Teachers employed by the Teachers Service Commission (TSC) can now breathe a sigh of relief as a new bill has been introduced in Parliament to address their concerns. The bill, sponsored by Embakasi Central MP Benjamin Gathiru, aims to compel the TSC to confirm teachers serving in acting capacity within six months.
The bill seeks to amend the existing Act by imposing a six months limit on any public officer serving in an acting capacity.
Teachers have in the past found themselves in acting capacities for administrative roles, such as Senior Teachers, Senior Masters, Deputy Headteachers, Deputy Principals, Headteachers, Senior Headteachers, Principals, and Senior Principals, for extended periods without being officially confirmed.
The Kenya Union of Post-Primary Education Teachers (Kuppet) has criticized TSC for failing to confirm teachers working in acting administrative roles over extended periods.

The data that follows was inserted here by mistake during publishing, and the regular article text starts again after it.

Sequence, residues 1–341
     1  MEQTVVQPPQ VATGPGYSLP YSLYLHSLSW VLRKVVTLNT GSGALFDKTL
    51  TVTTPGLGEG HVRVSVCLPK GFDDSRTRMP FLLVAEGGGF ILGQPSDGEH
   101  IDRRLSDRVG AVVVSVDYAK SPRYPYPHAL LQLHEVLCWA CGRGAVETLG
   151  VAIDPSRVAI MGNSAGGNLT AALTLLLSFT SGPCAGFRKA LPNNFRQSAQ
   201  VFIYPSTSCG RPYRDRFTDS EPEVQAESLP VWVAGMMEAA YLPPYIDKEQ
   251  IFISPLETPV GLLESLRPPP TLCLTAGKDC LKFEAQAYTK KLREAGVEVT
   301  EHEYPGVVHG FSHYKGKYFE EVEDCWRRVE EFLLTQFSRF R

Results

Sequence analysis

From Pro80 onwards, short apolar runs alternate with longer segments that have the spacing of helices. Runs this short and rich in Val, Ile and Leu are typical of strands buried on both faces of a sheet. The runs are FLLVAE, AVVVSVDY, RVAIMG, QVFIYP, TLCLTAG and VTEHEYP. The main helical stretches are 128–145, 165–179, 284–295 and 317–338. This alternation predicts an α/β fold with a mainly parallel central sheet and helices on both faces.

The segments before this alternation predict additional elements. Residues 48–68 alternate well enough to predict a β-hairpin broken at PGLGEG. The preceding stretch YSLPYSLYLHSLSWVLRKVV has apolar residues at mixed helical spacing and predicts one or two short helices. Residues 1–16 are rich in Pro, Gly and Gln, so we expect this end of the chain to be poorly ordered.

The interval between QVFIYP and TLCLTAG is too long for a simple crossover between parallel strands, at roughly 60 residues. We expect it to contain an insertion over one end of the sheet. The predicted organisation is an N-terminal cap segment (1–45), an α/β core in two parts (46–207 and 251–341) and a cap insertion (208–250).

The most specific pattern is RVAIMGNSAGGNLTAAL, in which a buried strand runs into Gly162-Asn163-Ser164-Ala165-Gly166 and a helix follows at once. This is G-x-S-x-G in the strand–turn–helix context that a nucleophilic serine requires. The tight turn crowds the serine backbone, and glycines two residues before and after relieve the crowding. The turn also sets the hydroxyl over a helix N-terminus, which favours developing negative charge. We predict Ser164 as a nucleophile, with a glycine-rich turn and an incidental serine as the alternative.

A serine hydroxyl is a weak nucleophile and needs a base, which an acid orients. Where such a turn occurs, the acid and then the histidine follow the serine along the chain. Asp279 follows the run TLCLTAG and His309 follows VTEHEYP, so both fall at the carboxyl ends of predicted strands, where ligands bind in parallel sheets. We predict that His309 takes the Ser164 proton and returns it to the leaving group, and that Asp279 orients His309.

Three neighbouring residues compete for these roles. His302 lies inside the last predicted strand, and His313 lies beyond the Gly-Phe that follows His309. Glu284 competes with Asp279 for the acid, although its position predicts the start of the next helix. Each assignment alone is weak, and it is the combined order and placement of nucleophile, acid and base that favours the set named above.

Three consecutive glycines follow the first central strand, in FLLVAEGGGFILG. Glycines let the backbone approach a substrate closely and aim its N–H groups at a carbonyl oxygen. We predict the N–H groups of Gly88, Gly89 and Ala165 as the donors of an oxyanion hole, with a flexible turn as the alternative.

KUPPET National chairman Mr. Omboko Milemba pointed out that the current career progression guidelines make it challenging for classroom teachers to receive promotions unless they hold administrative positions.
Milemba highlighted the issue as an ongoing concern, stating that he is researching the matter with his office staff to gather relevant data.
He emphasized that promotions have become challenging to achieve without administrative roles, particularly affecting teachers in grades C3 and C4.
In a recent development, the National Assembly’s Labor Committee, while discussing the Public Service Commission (Amendment) Bill, 2023, also proposed a potential amendment to cap the retirement age at 55.
Kangundo MP Fabian Muli advocated for a reduction in the retirement age to benefit the youth of the country.
Should the proposed amendments be approved, many civil servants expected to retire in the next five years may do so at an earlier age. This could have far-reaching effects, including increased pressure on the government’s finances due to a higher pension burden.
The mandatory retirement age was raised from 55 to 60 years in 2009 to address the government’s growing pensions bill.
In the six months leading up to December 2021, the National Treasury disbursed Sh69.22 billion in pension and gratuity payments.
A 2016 audit revealed that 35 percent of national government employees were between the ages of 51 and 60.
According to the Public Service Commission’s Financial Year 2021/2022 annual report, 3,958 officers exited the service across 47 ministries, departments, and agencies.